A life of sacrifice
Umm Salamah or Hind (her given name) was born to a rich and prestigious family from the Quraysh tribe and happily married Abdullah ibn Abdulasad from an equally wealthy family. They had a comfortable life until they accepted Islam along with a few other people. All of a sudden the once so popular couple became the target of the Quaraysh’s anger and persecution. The more they stayed steadfast with Islam, the more they got harassed until life in Mekkah became unbearable and they received the permission from Prophet Muhammad to emigrate to Abyssinia with a number of other Muslims. Their journey is passed on to us in detail thanks to Umm Salamah who documented their tales.
They soon returned from Abyssinia to be closer to Prophet Muhammad. During their absence many other great people accepted Islam, which strengthened the Muslim community. Unfortunately life has not become any easier for the Muslims in Mekkah, and the young couple, who had three children by now, decided to emigrate again, this time to Medina. When Umm Salamah’s family heard about this they became enraged and demanded she stay with them instead of leaving again with her husband who apparently didn’t give her the comfortable life she deserved. Her husband’s family in turn took away their children as revenge to her parents for not letting her leave with Abdullah. A big family feud ensued and Umm Salamah ended up being separated from her children as well as husband. She was in such despair about her situation that she went back to the spot where she got separated from her family every day to just sit down and cry and weep.
Eventually her tribe returned her children and Umm Salamah wasted no time in leaving with them to find her husband. Happily, they were reunited in Medina soon after. Umm Salamah fell pregnant once more and all was well until tragically her husband was injured in battle and passed away. Umm Salamah could not have been more devastated. She was pregnant, her young children were orphans now and she did not only lose her husband but also her best friend. She tried making the dua her husband had taught her while still alive: ‘Surely from Allah we are and to Him we shall certainly return. O Lord, give me in return something good from it, which only You, Exalted and Mighty, can give.’ However, every time she tried to utter the last part of the dua she would break down and ask ‘but who could be better than Abdullah?’ After a while her question was answered when the Prophet Mohammed asked for her hand in marriage and Umm Salamah became one of the mothers of the believers.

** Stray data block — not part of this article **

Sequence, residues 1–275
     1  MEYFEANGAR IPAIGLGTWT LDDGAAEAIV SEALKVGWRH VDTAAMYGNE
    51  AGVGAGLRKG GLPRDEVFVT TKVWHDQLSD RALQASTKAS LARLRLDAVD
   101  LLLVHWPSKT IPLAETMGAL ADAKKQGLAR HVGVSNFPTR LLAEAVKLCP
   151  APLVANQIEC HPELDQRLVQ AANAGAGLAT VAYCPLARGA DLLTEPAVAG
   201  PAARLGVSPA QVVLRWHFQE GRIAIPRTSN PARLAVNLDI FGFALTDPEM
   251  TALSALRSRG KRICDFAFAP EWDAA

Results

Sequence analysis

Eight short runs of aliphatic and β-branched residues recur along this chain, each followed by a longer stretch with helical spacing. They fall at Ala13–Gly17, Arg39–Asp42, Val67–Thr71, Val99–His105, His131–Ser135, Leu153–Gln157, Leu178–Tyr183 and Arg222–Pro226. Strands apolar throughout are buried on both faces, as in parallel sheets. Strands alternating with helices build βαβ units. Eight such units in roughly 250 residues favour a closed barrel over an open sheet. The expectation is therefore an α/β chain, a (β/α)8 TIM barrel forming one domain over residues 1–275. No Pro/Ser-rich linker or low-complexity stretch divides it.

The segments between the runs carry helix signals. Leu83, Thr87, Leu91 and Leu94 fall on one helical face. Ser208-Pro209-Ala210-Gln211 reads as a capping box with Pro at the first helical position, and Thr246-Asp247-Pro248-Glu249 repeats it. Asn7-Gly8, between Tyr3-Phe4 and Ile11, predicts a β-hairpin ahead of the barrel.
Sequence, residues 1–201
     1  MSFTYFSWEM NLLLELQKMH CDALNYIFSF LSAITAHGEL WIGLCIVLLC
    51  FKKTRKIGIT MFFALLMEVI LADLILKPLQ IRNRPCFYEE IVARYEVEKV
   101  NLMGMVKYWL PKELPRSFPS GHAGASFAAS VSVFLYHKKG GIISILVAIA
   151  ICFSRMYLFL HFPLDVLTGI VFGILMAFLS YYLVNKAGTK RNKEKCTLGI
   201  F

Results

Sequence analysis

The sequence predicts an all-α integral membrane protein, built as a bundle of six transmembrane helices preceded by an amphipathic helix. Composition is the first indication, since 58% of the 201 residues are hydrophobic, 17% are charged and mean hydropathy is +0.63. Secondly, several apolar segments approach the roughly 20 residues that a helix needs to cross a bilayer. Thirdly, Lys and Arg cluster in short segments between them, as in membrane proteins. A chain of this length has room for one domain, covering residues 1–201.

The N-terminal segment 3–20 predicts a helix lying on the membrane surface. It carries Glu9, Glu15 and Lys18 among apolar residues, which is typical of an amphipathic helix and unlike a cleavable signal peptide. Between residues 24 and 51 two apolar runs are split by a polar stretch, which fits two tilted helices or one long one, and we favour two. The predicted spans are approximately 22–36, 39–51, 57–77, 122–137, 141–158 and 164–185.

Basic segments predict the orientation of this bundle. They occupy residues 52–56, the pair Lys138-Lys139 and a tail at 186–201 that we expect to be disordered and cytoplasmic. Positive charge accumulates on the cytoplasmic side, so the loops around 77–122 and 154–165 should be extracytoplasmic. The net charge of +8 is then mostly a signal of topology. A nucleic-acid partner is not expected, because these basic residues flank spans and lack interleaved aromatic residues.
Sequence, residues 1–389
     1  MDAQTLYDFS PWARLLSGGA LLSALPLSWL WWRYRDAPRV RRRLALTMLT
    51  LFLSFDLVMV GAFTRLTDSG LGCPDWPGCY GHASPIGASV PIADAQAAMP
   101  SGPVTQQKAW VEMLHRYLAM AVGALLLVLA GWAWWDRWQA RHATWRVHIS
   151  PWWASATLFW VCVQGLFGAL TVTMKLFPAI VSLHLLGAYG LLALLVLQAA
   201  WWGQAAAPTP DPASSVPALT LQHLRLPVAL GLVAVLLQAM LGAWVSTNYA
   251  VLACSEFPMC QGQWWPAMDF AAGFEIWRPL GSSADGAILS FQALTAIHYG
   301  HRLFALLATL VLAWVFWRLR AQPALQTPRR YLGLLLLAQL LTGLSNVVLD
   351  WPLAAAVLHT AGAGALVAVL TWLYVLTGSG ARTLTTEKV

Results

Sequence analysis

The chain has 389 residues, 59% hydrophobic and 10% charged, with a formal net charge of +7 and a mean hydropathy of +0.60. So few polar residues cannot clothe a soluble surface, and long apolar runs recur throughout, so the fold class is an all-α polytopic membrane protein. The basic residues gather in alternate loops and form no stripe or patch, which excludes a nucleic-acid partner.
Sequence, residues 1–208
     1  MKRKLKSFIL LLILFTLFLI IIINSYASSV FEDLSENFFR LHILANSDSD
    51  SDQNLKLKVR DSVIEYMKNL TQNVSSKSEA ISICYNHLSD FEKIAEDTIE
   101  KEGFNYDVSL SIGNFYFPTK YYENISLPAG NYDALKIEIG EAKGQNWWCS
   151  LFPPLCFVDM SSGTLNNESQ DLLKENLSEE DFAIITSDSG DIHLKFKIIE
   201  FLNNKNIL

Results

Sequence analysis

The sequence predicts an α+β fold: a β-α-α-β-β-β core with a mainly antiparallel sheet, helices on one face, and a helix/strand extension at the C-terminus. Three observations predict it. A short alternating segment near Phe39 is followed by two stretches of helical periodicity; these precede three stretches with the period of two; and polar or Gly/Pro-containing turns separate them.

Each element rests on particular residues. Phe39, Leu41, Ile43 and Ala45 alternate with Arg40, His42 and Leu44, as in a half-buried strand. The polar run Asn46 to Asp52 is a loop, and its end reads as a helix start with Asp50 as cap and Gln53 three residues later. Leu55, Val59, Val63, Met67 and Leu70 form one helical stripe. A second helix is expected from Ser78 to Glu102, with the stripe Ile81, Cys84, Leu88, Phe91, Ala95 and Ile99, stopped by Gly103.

Umm Salamah was a very active and foremost Muslimah. She never hesitated when she had the chance of doing something good. She was involved in many battles, helping soldiers and the wounded. She was also very eloquent and had the gift of being able to speak and write beautifully, poetry and prose alike. Umm Salamah was very knowledgeable about religious matters and she narrated no less than 387 hadiths and issued many fatwahs.
After the death of Prophet Muhammad her scholarship became even more important and many people, men as well as woman, from all walks of life used to come to her to ask her counsel. She had many students and placed great emphasis on teaching women even though she taught men as well as women. Her daughter is said to be her greatest student.
LSE Sister Circle with Jasmine
Sipra, M., (2014), ‘The precious Pearls’, Darussalam Publishers
Webb, S. (2011) ‘Mothers of the Believers’, Audio Series
This post has been originally published by me on Maslaha.